A blockbuster, year-in-the-making investigative series about the for-profit college industry appears online in the Miami Herald today, and, as industry analysts at BMO Capital Markets predicted earlier this week, "Obviously, this is not going to portray the industry in a positive light." It doesn't, but that's because the industry practices and conduct that the Herald found are simply abominable. (I have studied bad actors in this industry for five years and have found the same.) With both Hillary Clinton and Jeb Bush already addressing this issue, it's one that's drawing increasing public attention.
The Herald's disclosures about the way for-profit colleges have ripped off students and taxpayers, while buying influence with powerful politicians, are too many to recount, but here are just a few bites to tempt you:
Grier said it was a few months after enrolling in 2010 when she received statements in the mail showing she had already tallied nearly $4,000 in loans. Grier was stuck, and loan servicer Sallie Mae would demand payment.
"Sir, why did you leave Kaplan [for-profit college]?" [Florida] Assistant Attorney General Rene Harrod asked former recruiter Mark Stegall on Nov. 22, 2010.
"I was disgusted with myself," Stegall responded. Stegall testified he had previously worked in other sales jobs, and "there are some things I don't feel bad about selling." But at Kaplan, he said, "you just felt like you were putting these people who were already in a bad situation in life in a worse one."
As ATI campuses closed down, Ancora Education, a Texas-based company, announced it had acquired six ATI vocational schools. The CEO of Ancora was Michael Zawisky.... Zawisky's previous job was chief operating officer at ATI.
(You may note that many of the advertisements on the Herald series' web pages are for Keiser University, one of the schools most scrutinized in the report.)
And watch the Herald's video above, where a Florida mom, Sara Pierce, recounts how she believes she was misled by a recruiter for Kaplan University into signing up for an online bachelor's degree program in Nutrition Science. Pierce thought the program would directly qualify her to be a licensed nutritionist, when in fact it was not accredited by the appropriate agency.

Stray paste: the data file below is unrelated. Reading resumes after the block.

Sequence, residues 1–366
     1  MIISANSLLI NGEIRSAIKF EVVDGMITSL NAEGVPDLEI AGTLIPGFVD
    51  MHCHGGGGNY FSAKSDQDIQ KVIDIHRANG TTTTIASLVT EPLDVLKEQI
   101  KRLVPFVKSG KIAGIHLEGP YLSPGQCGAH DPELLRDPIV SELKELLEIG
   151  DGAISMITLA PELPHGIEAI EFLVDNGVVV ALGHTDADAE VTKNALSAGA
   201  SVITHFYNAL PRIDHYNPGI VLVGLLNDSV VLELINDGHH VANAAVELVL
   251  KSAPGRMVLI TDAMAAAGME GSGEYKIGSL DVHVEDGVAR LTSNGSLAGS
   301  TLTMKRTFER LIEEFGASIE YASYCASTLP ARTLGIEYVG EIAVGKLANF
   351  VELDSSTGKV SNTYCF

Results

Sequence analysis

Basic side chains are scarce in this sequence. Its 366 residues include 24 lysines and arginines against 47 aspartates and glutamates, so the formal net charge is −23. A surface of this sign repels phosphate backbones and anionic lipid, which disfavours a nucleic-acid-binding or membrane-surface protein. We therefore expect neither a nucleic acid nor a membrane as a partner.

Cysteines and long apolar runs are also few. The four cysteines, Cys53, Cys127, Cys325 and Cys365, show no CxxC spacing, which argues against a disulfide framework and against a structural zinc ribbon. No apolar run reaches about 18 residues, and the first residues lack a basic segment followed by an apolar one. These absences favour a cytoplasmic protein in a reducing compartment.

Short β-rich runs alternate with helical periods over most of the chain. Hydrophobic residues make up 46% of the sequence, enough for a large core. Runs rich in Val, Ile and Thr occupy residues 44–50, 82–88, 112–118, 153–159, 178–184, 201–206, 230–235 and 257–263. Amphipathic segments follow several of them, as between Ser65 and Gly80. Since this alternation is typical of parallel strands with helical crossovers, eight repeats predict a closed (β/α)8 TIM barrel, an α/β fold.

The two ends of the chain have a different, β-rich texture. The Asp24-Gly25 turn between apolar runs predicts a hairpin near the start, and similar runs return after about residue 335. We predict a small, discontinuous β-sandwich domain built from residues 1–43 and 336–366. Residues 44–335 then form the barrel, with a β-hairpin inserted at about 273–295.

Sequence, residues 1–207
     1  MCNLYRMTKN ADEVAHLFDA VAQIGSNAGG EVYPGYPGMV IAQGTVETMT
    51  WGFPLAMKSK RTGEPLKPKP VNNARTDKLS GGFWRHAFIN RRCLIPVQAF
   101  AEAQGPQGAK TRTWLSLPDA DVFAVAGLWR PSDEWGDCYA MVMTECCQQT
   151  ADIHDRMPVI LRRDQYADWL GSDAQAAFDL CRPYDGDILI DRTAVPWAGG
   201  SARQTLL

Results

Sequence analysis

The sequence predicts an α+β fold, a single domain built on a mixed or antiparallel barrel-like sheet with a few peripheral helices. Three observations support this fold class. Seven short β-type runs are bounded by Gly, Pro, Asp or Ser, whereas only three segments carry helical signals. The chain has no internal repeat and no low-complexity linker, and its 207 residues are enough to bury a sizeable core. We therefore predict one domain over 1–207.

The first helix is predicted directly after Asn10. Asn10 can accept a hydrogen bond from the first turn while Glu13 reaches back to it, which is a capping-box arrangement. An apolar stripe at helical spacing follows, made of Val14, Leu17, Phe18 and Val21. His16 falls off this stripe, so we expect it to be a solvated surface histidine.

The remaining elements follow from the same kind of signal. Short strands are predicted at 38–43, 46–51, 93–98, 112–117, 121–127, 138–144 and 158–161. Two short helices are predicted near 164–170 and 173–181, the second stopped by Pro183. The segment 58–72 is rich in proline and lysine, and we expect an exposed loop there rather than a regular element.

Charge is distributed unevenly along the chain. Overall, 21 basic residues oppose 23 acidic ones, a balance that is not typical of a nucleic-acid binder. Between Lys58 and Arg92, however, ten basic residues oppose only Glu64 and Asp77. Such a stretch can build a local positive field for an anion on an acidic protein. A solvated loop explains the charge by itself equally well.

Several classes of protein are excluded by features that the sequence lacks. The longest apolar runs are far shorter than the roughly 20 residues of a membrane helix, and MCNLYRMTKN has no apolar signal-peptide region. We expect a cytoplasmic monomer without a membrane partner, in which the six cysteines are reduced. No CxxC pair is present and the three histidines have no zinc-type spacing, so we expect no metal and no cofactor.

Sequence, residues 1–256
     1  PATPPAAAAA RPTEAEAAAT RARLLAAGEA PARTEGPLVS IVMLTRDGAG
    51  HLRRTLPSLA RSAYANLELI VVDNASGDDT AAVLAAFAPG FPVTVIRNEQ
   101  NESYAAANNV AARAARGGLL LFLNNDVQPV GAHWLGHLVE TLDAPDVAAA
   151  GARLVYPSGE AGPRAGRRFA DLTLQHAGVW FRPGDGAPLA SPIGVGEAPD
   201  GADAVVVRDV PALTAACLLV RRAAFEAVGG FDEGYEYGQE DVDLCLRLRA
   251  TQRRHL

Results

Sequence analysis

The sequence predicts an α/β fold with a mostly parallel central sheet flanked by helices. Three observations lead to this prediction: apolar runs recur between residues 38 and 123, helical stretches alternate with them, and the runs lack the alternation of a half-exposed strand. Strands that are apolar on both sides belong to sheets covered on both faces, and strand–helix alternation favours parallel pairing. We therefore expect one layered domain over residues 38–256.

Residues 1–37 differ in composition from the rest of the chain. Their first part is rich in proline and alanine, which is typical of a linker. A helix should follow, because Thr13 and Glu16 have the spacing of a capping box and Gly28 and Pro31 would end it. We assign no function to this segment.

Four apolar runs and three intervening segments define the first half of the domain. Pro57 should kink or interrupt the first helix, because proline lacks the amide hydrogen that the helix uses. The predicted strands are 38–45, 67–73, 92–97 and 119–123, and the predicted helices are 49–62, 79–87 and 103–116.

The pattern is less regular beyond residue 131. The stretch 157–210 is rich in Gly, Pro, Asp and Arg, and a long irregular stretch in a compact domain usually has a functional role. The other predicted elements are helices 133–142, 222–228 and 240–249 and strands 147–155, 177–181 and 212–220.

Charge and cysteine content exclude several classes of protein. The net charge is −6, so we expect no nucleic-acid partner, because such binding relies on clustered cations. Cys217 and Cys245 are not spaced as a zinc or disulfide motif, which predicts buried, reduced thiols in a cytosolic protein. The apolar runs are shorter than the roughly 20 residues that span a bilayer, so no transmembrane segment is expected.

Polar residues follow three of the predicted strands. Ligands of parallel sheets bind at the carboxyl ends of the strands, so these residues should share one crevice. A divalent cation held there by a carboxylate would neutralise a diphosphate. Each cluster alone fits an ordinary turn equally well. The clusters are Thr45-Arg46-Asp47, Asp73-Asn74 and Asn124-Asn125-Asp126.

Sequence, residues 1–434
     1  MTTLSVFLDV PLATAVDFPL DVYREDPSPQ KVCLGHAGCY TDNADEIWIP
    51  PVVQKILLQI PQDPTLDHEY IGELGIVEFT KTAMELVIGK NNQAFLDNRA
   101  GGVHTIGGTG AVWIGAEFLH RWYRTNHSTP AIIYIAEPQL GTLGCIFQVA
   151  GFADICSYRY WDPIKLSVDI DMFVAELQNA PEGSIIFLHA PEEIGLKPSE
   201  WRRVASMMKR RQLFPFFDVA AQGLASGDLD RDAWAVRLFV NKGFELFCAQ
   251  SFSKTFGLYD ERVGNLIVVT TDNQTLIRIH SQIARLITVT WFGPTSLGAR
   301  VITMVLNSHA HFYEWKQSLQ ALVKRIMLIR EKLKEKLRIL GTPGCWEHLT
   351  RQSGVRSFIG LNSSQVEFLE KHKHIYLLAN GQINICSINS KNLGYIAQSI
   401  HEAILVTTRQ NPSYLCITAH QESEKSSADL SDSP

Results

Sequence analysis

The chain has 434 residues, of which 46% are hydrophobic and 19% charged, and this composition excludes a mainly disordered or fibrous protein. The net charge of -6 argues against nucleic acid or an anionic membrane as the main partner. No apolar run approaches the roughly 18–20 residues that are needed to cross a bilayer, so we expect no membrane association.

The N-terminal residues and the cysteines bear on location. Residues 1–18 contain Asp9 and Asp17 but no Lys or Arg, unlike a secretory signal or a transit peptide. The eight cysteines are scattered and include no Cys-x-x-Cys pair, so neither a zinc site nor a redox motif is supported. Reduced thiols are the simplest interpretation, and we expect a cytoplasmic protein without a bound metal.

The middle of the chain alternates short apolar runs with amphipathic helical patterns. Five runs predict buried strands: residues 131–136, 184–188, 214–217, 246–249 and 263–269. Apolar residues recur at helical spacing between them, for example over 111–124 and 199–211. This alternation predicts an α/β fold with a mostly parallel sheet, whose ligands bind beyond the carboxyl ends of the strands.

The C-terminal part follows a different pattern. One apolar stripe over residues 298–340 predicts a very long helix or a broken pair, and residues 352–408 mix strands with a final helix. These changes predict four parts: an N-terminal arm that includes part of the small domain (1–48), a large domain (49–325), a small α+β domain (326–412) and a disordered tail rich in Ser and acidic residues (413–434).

When, near the end of her studies, a professor let Pierce know that the degree would not make her eligible for the job she sought, and she complained, the school pointed her to fine print in a Kaplan manual. But come on. Had Pierce actually known the low value of the degree, she would not have enrolled. And we see this again and again with for-profit colleges, including Kaplan -- companies that have fine-tuned the art of deceptive selling, especially to busy single parents, low-income 18-year-olds, returning veterans, immigrants, and others dreaming of a better life and not always positioned to detect scams.
Sara Pierce says she was left "completely numb" and $40,000 in debt by her experience at Kaplan. Apparently now working as a bartender, Pierce speaks directly to Kaplan's boss: "I would like to tell who ever runs this ... put yourself in my shoes."
The man who runs the company that operates Kaplan University is Donald Graham. You might recognize the name, because his company, now called Graham Holdings, also operated, until 2013, a newspaper, when the company was called The Washington Post Company. Graham is a pillar of the DC establishment, and that stature has made him perhaps the most influential lobbyist for the for-profit college industry in its fight to defeat stronger measures to hold bad actors accountable for waste, fraud, and abuse with taxpayer dollars. Based on Graham's relentless vouching, influential Washingtonians have said to me again and again,"Kaplan -- that's one of the good ones, right?" It's not. And, by the way, Graham Holdings has long held a major stake in Corinthian Colleges, the collapsing for-profit college chain that has behaved so badly that even the rest of the industry has now thrown it under the bus.
This article also appears on Republic Report.